In going back through blog posts from years past, it seems that I have the most to say about a few select topics: chocolate, seasonal produce, and meat. A perhaps unhealthy obsession with a certain confection explains the first; my weekend side job could account for the second; but the third is a little funny for a vegan. My take? Since I don't ascribe to the stereotypical animal rights bucket of vegans, my musings on meat are an attempt to provide evidence for my own dietary decision to avoid it. Last meat post of the year; feel free to comment...---
|Photo credit: Neil Palmer/CIAT|
This is my last Vegan MoFo Soapbox, and I have yet to broach the topic of meat-eating! We have previously discussed my own journey and reasons for following a plant-based diet here, here, and here. Though on the whole I don't dwell excessively on the lack of meat in my diet, and more on the other components, since we are drawing towards the end of the month, I thought we could devote today to exploring the issue.
According to a study last year, livestock occupies a quarter of the Earth's surface and one third of the arable land grows animal feed. The team of researchers from the UN Food and Agriculture Organization (FAO), Swiss College of Agriculture, World Bank, Stanford University, and the International Livestock Research Institute predicted a possible double of production by 2050. If we think about the current far-reaching impacts from animal waste, deforestation and land degradation, methane and nitrous oxide emissions, etc. all associated with livestock production, it is hard to imagine a world with even more!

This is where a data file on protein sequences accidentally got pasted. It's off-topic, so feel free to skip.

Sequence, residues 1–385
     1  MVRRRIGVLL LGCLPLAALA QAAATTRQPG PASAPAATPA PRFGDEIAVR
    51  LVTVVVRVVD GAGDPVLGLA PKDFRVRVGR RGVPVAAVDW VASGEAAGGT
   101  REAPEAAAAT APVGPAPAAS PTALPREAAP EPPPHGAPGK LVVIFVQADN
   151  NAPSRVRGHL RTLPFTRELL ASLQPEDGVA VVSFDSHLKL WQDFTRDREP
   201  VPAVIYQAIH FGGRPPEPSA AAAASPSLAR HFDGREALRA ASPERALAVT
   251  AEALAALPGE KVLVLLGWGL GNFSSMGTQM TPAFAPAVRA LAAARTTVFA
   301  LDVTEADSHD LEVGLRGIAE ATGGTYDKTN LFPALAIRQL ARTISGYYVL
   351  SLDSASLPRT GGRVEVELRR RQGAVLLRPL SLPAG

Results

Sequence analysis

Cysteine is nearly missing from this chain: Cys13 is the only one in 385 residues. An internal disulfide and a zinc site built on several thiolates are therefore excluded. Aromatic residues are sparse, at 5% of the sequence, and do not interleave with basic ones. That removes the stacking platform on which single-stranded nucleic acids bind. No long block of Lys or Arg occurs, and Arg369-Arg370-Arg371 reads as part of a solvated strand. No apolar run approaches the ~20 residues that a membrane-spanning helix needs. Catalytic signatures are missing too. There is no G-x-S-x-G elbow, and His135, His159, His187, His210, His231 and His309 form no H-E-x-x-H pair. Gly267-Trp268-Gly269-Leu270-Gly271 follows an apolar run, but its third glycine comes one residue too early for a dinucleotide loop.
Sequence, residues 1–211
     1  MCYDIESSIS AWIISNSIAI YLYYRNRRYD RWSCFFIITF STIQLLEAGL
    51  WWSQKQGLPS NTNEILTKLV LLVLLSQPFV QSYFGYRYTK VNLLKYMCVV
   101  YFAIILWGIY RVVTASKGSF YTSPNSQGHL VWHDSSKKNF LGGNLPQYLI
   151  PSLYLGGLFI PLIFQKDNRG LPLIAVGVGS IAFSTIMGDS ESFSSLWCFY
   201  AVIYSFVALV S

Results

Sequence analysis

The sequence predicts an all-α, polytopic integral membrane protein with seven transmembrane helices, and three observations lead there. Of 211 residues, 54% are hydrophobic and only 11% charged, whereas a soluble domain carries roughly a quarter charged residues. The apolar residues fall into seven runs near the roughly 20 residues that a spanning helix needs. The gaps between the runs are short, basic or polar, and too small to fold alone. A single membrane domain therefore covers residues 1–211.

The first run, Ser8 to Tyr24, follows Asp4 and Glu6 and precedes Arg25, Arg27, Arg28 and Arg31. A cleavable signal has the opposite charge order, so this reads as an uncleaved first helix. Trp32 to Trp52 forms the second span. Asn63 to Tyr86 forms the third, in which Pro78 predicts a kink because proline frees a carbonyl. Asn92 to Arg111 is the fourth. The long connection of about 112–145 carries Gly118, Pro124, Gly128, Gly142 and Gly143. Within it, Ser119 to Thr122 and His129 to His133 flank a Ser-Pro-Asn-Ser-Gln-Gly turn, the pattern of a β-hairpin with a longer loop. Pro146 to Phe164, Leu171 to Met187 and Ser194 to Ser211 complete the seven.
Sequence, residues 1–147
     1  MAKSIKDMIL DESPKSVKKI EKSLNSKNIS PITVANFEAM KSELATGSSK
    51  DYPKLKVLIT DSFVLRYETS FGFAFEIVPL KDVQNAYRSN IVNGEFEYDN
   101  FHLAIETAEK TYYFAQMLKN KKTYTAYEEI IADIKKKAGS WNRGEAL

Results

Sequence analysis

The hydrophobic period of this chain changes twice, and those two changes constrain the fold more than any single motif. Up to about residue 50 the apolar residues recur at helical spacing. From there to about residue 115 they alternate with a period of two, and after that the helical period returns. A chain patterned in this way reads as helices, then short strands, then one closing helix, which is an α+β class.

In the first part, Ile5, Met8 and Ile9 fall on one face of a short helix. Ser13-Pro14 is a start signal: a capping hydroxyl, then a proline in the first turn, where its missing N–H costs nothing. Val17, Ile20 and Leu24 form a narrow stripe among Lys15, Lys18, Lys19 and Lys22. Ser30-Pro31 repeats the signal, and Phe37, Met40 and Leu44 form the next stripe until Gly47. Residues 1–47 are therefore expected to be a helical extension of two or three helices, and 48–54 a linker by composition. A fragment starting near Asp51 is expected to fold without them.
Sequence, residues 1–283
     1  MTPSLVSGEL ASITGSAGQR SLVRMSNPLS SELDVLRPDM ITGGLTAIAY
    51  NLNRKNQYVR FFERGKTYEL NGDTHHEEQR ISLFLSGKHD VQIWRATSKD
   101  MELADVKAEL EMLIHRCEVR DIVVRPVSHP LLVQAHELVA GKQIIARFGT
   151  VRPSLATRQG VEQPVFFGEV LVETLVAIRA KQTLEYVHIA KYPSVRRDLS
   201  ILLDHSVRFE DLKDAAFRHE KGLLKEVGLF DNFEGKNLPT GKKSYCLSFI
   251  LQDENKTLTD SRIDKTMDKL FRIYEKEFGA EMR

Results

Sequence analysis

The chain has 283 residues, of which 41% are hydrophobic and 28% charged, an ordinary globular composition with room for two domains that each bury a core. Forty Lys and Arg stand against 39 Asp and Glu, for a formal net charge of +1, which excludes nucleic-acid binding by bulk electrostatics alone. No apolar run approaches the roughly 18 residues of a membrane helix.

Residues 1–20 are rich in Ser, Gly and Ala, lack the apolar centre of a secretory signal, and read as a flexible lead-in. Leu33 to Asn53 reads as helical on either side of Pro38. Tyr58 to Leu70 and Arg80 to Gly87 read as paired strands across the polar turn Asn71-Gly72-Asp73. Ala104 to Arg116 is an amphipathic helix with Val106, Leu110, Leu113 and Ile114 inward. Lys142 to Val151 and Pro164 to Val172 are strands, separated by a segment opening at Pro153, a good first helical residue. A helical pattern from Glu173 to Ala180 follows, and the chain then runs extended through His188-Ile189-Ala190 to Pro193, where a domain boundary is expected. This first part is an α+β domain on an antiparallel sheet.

A World Watch Institute report released in 2005, Happier Meals, documented the impacts of factory farming, and touts organic and local animal agriculture, and increasing the number of vegetarian meals eaten in a week! Most distinctly, the report discusses the inefficiencies of converting feed, water, and fossil energy into edible calories. A more recent publication by the Institute echos the message of this earlier work. A Vital Signs (based on FAO data) on the increase in meat production describes the serious environmental impacts - deforestation and greenhouse gas emissions - associated with the twenty percent increase in the last decade.
But at the same time, the report also notes that 70 percent of the 800 million in abject poverty (living on less than $1/day) rely on livestock for their livelihoods. In Zimbabwe, cattle's role in turning the soil has reversed the path of desertification that was threatening crops and food security. Manure is an important nutrient provider; chickens serve as pest control by eating bugs off crops; and goats, well, can clear weeds...
Ok, so perhaps you thought when I started this blog entry about the eating of animals, that it would be vegan-centric, touting the benefits of an herbivorous lifestyle. I have to say that for my part, I believe in the benefits of such a diet for health and the environment. But I think the issue of livestock-raising and meat-eating merit more critical scrutiny and informed discussion. This is particularly true in cases outside of industrialized countries, where animal protein is a luxury not a norm (or an excess!), and where that may be the difference between starving and feeding a family.
I welcome and encourage comments, in hopes of inciting perhaps a little more discussion than usual on the benefits and shortcomings of a diet inclusive of meat, dairy, and eggs.
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